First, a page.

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Monday, 24 October 2016


The Georgian opposition is shifting its gaze towards its northern neighbour

11.03.2009  |  10:35

9/3/5/1935.jpegDemands for the president to resign are being made increasingly insistently in Tbilisi. The day before the first ultimatum ran out on holding a referendum on an early presidential election, as the "Alliance for Georgia" presented to Saakashvili, people started talking here again about their northern neighbour. And in a tone which is unusual for recent years.


The opposition has again mentioned an initiative to instigate a thaw between Georgia and Russia. Since the August events, only the idle have failed to talk about the need to normalize relations with Moscow and to establish if not friendly, then at least rational relations based on a degree of partnership.

Admittedly, Mikheil Nikolaevich and his team have not shown any great consistency on this issue. A week ago, at a ceremony on the anniversary of the country's "Sovietization", the president suggested to his Russian colleague that any "personal difficulties" should be overcome, and that they should initiate a dialogue. Practically every media outlet quoted Saaakshvili at the time. However, a few days later, Georgia's Foreign Minister said that Tbilisi was not offering to resume relations with Moscow. "Tbilisi will only start to think about resuming relations with Moscow once Russia fulfils three main conditions. These are the recognition by the Russian Federation of the independence, sovereignty and territorial integrity of Georgia," the GHN news agency quoted Vashadze as saying.

Meanwhile, the opposition ranks are already thinking about the "era after Saakashvili" and are giving serious consideration to normalizing relations with Russia. Of course, nobody there agrees with recognizing the independence of Abkhazia and South Ossetia. However, several are expressing their willingness to look for points on which they can agree, and a way to overcome the confrontation. The leader of the "Alliance for Georgia", Irakli Alasania, has mentioned this several times.

His rivals, the leaders of the other opposition parties, have also presented their vision for normalizing relations with Moscow. During her speech at a regional party conference in Telavi, the leader of the "Democratic Movement - United Georgia" party, Nino Burjanadze, devoted special attention to Russian-Georgian relations. According to her, Russia is a country that all major powers need to consider, and taking into account today's situation, Georgia needs to consider her twice as much. "Our foreign minister said in an interview that we can just forget about Russia and put relations with them down onto the 18th rung. I think that statements such as these are irresponsible. The USA, Europe and China don't allow themselves to forget about Russia, so how can we intend to do this? By moving to a different planet? If we forget about the territories we have lost, then we can forget about Russia and put this issue not just on the 18th, but on the 38th rung," Noviy Region quotes Nino Burjanadze.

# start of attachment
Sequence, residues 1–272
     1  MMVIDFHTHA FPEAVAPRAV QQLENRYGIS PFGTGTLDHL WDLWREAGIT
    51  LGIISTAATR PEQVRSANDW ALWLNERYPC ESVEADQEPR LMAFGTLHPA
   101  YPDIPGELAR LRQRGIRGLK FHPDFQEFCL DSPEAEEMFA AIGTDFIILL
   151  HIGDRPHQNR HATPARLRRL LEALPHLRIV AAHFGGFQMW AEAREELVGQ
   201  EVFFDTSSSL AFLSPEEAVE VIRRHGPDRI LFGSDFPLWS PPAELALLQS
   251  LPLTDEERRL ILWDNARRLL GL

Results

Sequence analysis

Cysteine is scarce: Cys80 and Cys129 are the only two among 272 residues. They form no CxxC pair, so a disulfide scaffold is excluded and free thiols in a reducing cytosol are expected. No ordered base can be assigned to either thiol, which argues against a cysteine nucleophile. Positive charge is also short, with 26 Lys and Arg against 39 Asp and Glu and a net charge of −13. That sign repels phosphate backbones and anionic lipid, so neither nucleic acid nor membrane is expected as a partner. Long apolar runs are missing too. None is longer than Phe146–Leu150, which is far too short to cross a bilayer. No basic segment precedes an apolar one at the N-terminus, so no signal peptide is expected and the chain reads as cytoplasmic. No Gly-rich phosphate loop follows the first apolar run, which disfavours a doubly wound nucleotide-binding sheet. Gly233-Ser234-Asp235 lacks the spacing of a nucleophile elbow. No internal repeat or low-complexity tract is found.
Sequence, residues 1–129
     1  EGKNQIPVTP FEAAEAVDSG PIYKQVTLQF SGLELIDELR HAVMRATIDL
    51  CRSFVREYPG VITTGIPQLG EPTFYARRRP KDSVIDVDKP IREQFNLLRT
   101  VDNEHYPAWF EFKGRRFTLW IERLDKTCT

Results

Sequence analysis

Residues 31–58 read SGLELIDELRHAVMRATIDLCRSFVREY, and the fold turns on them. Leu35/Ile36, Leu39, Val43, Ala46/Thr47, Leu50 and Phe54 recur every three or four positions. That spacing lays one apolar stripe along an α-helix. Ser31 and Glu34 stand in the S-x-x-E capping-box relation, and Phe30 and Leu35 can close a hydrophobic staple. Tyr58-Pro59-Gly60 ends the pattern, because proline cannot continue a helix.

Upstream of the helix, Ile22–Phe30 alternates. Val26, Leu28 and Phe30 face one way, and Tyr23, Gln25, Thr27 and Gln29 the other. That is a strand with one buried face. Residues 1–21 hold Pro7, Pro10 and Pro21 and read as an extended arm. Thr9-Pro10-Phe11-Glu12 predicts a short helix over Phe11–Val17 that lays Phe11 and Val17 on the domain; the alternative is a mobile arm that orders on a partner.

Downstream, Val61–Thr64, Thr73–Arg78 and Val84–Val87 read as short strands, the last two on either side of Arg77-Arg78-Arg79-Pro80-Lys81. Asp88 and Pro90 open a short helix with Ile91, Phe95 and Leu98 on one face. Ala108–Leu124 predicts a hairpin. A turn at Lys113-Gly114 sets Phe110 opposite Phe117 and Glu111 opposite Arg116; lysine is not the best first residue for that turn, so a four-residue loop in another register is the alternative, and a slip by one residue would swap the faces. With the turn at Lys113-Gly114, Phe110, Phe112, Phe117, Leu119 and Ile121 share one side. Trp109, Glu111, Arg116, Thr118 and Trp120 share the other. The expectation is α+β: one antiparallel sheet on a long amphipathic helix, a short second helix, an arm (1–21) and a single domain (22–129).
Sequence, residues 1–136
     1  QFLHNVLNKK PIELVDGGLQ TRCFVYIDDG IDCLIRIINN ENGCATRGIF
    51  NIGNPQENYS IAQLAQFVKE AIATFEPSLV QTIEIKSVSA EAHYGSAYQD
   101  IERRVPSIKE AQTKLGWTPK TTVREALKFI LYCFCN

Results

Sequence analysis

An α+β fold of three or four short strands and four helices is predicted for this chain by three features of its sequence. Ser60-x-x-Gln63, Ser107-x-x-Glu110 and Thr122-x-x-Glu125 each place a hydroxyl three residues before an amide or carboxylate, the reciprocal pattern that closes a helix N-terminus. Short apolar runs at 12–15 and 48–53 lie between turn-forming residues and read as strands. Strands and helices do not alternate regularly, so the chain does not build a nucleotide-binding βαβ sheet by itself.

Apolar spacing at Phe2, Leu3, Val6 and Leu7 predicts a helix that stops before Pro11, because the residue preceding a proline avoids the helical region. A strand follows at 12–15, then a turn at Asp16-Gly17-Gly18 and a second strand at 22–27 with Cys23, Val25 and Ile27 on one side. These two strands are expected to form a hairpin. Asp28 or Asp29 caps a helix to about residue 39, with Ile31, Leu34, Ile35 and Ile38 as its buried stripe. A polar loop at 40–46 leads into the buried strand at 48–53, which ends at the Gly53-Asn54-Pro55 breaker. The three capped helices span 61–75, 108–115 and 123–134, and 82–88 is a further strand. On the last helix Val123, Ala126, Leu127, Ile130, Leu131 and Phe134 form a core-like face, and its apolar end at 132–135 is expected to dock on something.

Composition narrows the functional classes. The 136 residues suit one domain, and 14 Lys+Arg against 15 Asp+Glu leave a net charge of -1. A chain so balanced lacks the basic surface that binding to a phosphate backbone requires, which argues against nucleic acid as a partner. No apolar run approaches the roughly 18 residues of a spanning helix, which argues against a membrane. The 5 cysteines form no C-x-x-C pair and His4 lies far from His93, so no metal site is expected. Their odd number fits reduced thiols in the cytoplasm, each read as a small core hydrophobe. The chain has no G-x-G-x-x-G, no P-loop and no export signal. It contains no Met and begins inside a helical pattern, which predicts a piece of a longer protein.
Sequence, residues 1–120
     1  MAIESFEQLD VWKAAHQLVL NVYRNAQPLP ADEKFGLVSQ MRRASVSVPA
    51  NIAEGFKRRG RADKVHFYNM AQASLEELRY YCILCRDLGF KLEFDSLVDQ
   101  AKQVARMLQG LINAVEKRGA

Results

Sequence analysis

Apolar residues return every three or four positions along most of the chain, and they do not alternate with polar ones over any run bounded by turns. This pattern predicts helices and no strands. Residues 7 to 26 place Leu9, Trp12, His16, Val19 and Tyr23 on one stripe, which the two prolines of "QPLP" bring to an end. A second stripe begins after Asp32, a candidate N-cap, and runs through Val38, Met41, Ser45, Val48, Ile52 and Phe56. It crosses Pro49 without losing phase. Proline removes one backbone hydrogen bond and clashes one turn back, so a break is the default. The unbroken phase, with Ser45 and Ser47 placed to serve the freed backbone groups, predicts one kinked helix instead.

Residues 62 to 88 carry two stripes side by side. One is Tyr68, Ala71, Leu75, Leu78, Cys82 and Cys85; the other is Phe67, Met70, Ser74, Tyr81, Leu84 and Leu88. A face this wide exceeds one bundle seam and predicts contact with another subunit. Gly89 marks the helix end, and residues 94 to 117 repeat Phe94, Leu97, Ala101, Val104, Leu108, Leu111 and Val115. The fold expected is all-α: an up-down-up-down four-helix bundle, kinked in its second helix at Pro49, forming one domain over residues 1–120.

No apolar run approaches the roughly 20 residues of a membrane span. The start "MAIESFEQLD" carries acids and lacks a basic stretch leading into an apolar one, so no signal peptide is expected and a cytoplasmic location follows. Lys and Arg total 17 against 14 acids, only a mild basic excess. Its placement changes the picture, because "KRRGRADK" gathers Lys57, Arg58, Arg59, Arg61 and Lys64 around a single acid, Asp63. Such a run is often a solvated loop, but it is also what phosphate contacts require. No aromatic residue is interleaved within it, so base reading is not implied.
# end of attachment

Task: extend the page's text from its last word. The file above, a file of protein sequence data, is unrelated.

Georgia's former ambassador to the Russian Federation, Erosi Kitsmarishvili, who is famous for his scandalous accusations against Saakashvili, has suggested establishing a special Council for normalizing Georgian-Russian relations. At the same time, as ITAR-TASS reports, the former ambassador stressed that, "nobody is intending to come to a separate agreement with Russian representatives on cooperation, or to look for separate contacts." "I think that we need to start a discussion about where we go from here, especially on the back of the expected progress between Russia and the USA," he argued. In his opinion, experienced politicians could head up this Council - former foreign ministers like Irakli Menagarishvili and Tedo Dzhaparidze, or Georgia's former ambassador to the UN Revaz Adamiya.

It is symbolic that at the same time, the presentation of a Russian-Georgian newspaper "Irakli's Way" took place in Tbilisi. As the "Novosti-Gruziya" news agency reports, the publication was established at the initiative of the "Irakli II Society". "All of us need to do everything we can to restore healthy relations with Russia," the chairman of the society, Archil Chkoidze, declared at the presentation. The organization itself - the "Irakli II Society" - was established on 30th January to help to restore good-neighbourly relations with Russia.

But then again, people in Georgia have always held positive feelings towards their northern neighbour, in spite of the anti-Russian hysteria of recent times. And this is in spite of every effort taken by the authorities to ensure a catastrophic reduction in the Russian-speaking population. However, Russian can still be heard in kindergartens, schools, and in university faculties. And "New Georgians" prefer to hire Russian-speaking nannies or private tutors for their children. Did centuries-old traditions need to be broken, contrary to the wishes and expectations of the Georgian people?

Irina Ptashkovskaya


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